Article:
The meat industry is responsible for a goodly share of our greenhouse gases; the article mentions a U.N. paper ranking  animal agriculture above the total of all transportation modalities.  One academic has suggested that cutting our meat intake by one fifth would be the equivalent of each US citizen driving a Prius instead of an ordinary, non-hybrid automobile.

At that point I thought, "For once I'm ahead of the game." Lynnette and I each bought a Prius at the end of 2006 and, as I've previously said in one of my blogs, we've cut our red meat intake markedly in the last three years. We've also purchased non-corn-finished meat, splitting a bison with three other families and recently trying some Beefmaster beef from a Colorado company that grass feeds and finishes all their animals.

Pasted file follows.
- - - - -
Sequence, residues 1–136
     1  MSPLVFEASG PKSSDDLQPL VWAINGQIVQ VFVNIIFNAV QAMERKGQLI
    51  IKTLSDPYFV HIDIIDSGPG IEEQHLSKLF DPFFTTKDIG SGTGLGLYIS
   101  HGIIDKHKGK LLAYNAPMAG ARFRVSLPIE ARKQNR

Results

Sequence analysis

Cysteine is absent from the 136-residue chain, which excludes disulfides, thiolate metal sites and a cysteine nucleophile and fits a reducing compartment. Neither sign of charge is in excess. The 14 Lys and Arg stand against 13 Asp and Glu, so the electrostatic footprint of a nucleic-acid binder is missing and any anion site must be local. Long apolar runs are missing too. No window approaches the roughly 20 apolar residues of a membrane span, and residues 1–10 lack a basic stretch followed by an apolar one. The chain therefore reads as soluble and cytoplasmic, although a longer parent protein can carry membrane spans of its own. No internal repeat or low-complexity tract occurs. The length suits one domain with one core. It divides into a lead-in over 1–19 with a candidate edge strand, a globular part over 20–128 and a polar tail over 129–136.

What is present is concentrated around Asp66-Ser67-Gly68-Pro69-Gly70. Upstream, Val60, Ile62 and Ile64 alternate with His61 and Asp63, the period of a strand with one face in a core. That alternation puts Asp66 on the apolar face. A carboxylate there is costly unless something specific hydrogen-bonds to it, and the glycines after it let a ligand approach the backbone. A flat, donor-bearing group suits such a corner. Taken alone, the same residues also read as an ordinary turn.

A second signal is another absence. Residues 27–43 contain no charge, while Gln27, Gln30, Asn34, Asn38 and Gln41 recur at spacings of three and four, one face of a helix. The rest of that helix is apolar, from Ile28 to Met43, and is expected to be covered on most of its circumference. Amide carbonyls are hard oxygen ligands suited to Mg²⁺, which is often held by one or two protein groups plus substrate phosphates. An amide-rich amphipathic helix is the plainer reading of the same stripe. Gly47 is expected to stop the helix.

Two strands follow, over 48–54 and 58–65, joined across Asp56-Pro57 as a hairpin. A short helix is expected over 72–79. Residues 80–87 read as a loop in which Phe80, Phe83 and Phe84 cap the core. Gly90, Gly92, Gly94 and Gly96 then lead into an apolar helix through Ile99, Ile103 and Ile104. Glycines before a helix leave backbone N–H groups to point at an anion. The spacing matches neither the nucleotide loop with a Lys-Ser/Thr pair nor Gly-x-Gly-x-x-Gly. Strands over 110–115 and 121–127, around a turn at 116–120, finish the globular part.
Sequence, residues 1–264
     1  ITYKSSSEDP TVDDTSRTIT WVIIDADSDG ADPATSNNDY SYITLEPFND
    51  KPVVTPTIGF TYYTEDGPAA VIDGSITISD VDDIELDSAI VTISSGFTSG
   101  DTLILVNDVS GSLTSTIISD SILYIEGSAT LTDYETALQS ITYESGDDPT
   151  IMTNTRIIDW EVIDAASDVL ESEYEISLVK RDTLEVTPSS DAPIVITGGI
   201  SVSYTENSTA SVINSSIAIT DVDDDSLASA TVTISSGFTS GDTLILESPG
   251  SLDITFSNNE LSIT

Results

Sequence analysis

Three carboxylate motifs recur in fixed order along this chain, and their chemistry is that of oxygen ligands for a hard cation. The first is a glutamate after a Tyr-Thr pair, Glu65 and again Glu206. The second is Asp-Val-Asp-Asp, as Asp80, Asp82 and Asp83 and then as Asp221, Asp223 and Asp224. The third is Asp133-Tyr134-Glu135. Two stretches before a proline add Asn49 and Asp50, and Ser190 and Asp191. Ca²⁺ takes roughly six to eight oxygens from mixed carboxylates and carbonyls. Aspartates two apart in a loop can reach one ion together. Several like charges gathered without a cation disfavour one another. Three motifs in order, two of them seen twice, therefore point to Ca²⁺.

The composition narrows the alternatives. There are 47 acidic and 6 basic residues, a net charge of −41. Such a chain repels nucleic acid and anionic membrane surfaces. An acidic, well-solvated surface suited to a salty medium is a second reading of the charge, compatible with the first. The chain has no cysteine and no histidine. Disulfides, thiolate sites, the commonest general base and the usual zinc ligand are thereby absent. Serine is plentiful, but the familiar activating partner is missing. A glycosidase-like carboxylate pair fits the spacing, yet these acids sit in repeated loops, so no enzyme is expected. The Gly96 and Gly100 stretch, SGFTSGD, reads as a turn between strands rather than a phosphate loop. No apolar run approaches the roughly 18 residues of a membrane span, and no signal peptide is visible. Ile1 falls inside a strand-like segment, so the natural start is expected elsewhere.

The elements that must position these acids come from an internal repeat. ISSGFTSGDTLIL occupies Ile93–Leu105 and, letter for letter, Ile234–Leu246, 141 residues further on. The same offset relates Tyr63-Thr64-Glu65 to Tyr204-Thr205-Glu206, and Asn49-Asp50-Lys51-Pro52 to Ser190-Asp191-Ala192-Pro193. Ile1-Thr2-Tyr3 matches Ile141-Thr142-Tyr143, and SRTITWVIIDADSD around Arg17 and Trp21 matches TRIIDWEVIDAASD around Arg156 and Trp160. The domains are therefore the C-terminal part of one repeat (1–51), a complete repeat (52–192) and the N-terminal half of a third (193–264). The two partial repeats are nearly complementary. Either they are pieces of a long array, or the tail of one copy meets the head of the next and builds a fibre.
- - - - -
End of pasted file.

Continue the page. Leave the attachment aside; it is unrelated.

Well that's a good start, but I still need to be careful of my portion control when I do eat red meat; Michael Pollan's Food Rule #23 says, "Treat meat as a flavoring or special occasion food." He's concerned about the other consequences increasingly linked to red meat; those include heart disease and some forms of cancer.

I think Lynnette is making a vegetarian dinner while I'm writing this; tonight I'll be content to eat no meat at all, red or otherwise. It seems like that is a good start on cutting my water use and staying healthy.  (more…)

Why are the kids so heavy? What will that lead to?

Tuesday, March 2nd, 2010